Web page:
Pekin, IL asked in Personal Injury and Workers' Compensation for Illinois

Q: I am so confused ...what do i do now that my condition has worsened to death sentence?After the closing of 1st claim

first claim was closed when i was told by my attorney after telling him I was diagnosed cancer it would be left open ....i am seriously so upset that i was told i have no case even w the getting stage4b lung cancer all the sudden 6 -12 months before may 2022 scan and had breakout at work sept 2021.

1 Lawyer Answer
Charles Candiano
Charles Candiano
  • Workers' Compensation Lawyer
  • Chicago, IL
  • Licensed in Illinois

A: You also posted this question in Avvo. Unfortunately, neither posting contains the information necessary to provide a definitive answer to your question. You do not tell us about your Worker's Compensation claim other than you had one and you are represented by an attorney. You do not tell us the date of injury you do not tell us whether it was filed under the Worker's Compensation Act or the Occupational Diseases Act and you do not tell us of the disposition of the case beyond mentioning and your AVVO posting that the claim was "left open." A case is either settled or left open, it cannot be both. Settlement is not the only way to resolve a Worker's Compensation claim. If your attorneys arrive at a number and you settle the case, the workers' compensation insurance company's obligation ends the moment that they write the check. Alternatively, if the Arbitrator decides how much the case is worth, your medical benefits stay open for the rest of your life.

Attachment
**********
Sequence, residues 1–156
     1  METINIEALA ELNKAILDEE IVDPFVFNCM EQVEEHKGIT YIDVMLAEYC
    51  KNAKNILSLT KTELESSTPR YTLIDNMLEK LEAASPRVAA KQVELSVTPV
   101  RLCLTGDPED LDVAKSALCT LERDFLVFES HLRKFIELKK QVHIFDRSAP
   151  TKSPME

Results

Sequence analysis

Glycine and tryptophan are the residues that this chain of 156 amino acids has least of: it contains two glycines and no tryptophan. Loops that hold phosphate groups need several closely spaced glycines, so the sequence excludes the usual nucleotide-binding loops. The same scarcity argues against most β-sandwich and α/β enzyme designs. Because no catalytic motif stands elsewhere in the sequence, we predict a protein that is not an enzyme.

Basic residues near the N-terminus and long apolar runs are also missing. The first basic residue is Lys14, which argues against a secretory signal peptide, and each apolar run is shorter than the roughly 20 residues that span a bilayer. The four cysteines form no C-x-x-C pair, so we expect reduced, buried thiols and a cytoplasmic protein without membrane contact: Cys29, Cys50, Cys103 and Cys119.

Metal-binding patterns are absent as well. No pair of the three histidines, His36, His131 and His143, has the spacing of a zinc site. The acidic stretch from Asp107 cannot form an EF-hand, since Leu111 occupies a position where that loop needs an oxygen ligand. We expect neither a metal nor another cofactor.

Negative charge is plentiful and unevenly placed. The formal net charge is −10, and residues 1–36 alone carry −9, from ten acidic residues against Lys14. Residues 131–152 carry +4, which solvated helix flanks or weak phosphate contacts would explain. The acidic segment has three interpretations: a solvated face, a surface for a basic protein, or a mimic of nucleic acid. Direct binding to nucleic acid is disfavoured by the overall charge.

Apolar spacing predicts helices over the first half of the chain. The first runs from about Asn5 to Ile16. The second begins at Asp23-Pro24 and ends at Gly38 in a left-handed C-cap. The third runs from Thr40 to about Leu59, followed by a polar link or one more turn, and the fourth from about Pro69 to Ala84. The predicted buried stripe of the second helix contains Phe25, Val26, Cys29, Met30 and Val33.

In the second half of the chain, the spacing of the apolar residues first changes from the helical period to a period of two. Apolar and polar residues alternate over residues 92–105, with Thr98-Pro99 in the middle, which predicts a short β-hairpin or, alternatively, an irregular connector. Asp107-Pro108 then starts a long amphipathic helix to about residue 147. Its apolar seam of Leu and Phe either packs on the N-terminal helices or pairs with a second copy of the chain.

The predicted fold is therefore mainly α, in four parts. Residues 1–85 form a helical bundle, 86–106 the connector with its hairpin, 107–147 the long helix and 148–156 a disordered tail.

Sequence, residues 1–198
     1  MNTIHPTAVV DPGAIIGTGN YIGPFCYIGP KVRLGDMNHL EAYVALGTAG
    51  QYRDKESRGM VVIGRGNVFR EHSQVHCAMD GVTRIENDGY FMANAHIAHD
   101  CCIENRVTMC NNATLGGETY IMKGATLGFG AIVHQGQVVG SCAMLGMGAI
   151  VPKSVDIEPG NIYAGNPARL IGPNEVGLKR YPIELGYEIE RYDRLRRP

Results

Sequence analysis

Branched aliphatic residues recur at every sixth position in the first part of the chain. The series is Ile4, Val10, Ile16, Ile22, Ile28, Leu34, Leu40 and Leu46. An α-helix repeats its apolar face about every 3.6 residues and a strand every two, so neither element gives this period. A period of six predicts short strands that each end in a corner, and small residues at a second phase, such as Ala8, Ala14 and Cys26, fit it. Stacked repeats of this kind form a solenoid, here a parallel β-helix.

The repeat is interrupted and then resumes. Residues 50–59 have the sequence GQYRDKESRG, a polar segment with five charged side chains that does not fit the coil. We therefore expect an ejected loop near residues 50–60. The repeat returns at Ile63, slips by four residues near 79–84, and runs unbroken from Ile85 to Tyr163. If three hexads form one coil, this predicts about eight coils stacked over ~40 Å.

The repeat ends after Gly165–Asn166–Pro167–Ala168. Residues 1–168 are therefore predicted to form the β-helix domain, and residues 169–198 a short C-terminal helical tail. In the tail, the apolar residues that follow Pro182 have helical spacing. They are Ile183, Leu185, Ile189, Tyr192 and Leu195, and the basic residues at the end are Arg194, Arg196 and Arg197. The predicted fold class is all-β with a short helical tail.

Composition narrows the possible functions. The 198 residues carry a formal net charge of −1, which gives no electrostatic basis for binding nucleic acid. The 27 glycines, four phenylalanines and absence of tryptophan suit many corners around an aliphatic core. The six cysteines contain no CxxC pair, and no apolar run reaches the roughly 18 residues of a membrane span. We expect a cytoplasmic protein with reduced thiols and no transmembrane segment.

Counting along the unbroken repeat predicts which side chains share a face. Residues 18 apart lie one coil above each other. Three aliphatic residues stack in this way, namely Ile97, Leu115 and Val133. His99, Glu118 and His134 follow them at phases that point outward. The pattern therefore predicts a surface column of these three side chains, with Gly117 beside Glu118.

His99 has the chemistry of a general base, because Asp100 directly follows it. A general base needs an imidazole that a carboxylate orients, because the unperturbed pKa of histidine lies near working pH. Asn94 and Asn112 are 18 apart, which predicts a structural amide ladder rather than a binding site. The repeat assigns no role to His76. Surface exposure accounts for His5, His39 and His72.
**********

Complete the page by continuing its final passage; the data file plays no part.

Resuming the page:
Most Worker's Compensation attorneys do not explain this. Instead, they urge you to "settle." In full candor, the attorney should explain that he/she doesn't get paid until you get paid. Assume that your case is worth about $50,000. Your attorney is faced with the decision of settling the case and taking a $10,000 fee plus costs, within 30 days OR preparing for trial. To prepare the case for trial, your attorney will probably want to depose your doctor. That will take 2 to 3 months and that will require that your attorney to prepare for the deposition, actually take the deposition, and advance additional costs in excess of $2000. When the transcripts are received, the respondent will probably decide to depose its expert. That will take another two or three months and your attorney will have to prepare for that deposition and attend that deposition. Then, your attorney will have to advance an additional $300-$500 to secure a transcript of the deposition. Long story short, we can usually settle a Worker's Compensation claim for about the same money that an arbitrator would award in a trial. No Worker's Compensation attorney prefers to go to trial because a settlement pays both the client and the attorney within 30 days and a settlement saves the client at least $2500 per doctor that is deposed on the client's behalf and at least $500 per doctor that is deposed on respondent's behalf. In addition to those deductions, payment is delayed by at least one year. If the respondent seeks the first level of appeal which is called "review," that requires the attorney to write a second brief, to prepare oral argument, and to wait an additional year for his fee. Remember that the attorney fee under Worker's Compensation is set by statute so the attorney fee in our example is $10,000 if the case is settled and he is paid within 30 days. In our example, if the case goes to trial and then to review, your attorney has to pay $2500-$3000 for deposition costs; he must prepare for at least two depositions; he must take at least one deposition; he must prepare two briefs; he must prepare oral argument; and he must wait two years to earn the same $10,000 fee. Worker's Compensation and personal injury attorneys generally offer initial consultations by telephone or in-person without any charge. Good luck.

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